The treason of KP Oli and civil society leadersIs political stability really worth keeping Oli in power, even after his mafia-like manoeuvres?
Fishing in troubled waters is a cliché that applied to the fast-track process of making Nepal’s constitution—a result of the 16-point agreement between the Maoists, the UML and Congress in 2015—in the aftermath of a devastating earthquake. And the same cliché applies to Prime Minister KP Oli’s two (now withdrawn) ordinances, in the midst of a pandemic, that would have opened up a Pandora’s box of political issues—a potential party split, horse-trading and the killing of a check-and-balance system envisioned (even in the flawed constitution) for appointments to constitutional bodies.
Moreover, Mr Oli found the waters so turbid that he even deployed mafia-style coercion through his henchmen (the boundary between coercion and kidnapping blurs here; I’ll show how in a bit) to finish off his twin goals: to split parties (his own included if need be) and serve his hunger for power, both inside his party and in state affairs. All this was engineered at the expense of democracy, pandemic management and development. The knee-jerk reaction to India’s economic blockade in 2015 has proven costly to the Nepali people.
I usually avoid bringing in high theorists in my columns but the way some of Nepal’s ‘leading members of civil society’ signed a petition to pull Oli out of hot waters that he had himself deliberately waded, I am reminded of the Martiniquan psychiatrist and thinker Frantz Fanon’s commentary on the national bourgeoisie whose narrowed mental path in reaction to external forces and loose links with the masses diminishes the country’s prosperity. Fanon says in the third chapter, ‘The Pitfalls of National Consciousness’, of his book The Wretched of the Earth that such an educated class within a developing country becomes completely ‘canalised into activities of the intermediary type. Its innermost vocation seems . . . to be part of the racket’. Such an educated bourgeoisie helps lead the country from nationalism to ‘ultra-nationalism, to chauvinism, and finally to racism’. Fanon was quite prescient about how quickly nationalism and hyper national consciousness in Africa from Algeria, where he lived and worked, to the sub-Saharan countries, was changing into a self-destructive monster in the hands of its educated bourgeoisie who had inherited the postcolonial state. This class of educated, secular, dynamic nationalists has put the people’s interest on the back burner and put its own ethnic interest and accumulation of capital at the forefront, giving the ‘nation minimum prosperity’.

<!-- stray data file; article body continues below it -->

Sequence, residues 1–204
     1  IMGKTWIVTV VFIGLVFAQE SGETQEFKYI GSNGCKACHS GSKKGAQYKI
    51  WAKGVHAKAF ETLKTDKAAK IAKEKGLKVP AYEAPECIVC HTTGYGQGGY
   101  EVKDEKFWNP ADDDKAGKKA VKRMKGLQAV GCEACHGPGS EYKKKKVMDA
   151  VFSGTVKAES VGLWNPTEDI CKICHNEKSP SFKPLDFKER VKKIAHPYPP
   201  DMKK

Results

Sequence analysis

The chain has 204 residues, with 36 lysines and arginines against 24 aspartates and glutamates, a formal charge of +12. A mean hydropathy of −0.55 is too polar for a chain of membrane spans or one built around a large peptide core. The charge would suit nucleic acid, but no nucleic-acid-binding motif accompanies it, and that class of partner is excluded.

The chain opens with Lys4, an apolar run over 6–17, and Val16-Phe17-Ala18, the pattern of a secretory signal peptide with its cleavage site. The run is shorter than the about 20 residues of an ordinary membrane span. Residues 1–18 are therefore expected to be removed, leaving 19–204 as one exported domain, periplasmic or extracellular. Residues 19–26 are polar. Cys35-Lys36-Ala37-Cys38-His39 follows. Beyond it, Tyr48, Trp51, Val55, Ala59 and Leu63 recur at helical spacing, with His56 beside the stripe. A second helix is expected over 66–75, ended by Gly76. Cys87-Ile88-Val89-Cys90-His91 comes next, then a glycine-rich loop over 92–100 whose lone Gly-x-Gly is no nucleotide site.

In Nepal, this is precisely what has happened since 2008. Instead of offering its measured but firm response to the blockade (which was as much an internal event as external), it swallowed hook, line and sinker Mr Oli’s witticisms and clever manipulation of the China card and propped him up as the saviour of their version of Nepal. The treason of this educated class didn’t stop just there. After multiple scandals of corruption and failed promises of building castles in the air, Mr Oli issued two constitutionally destabilising ordinances and committed mafia-style operations to break the Samajbadi Party, eventually getting into trouble. Yet, these civil society leaders rose to formally defend Mr Oli in the name of stability. A failed, corrupt and impeachable Oli to them remained a superior bet over any competent leader of the Nepal Communist Party.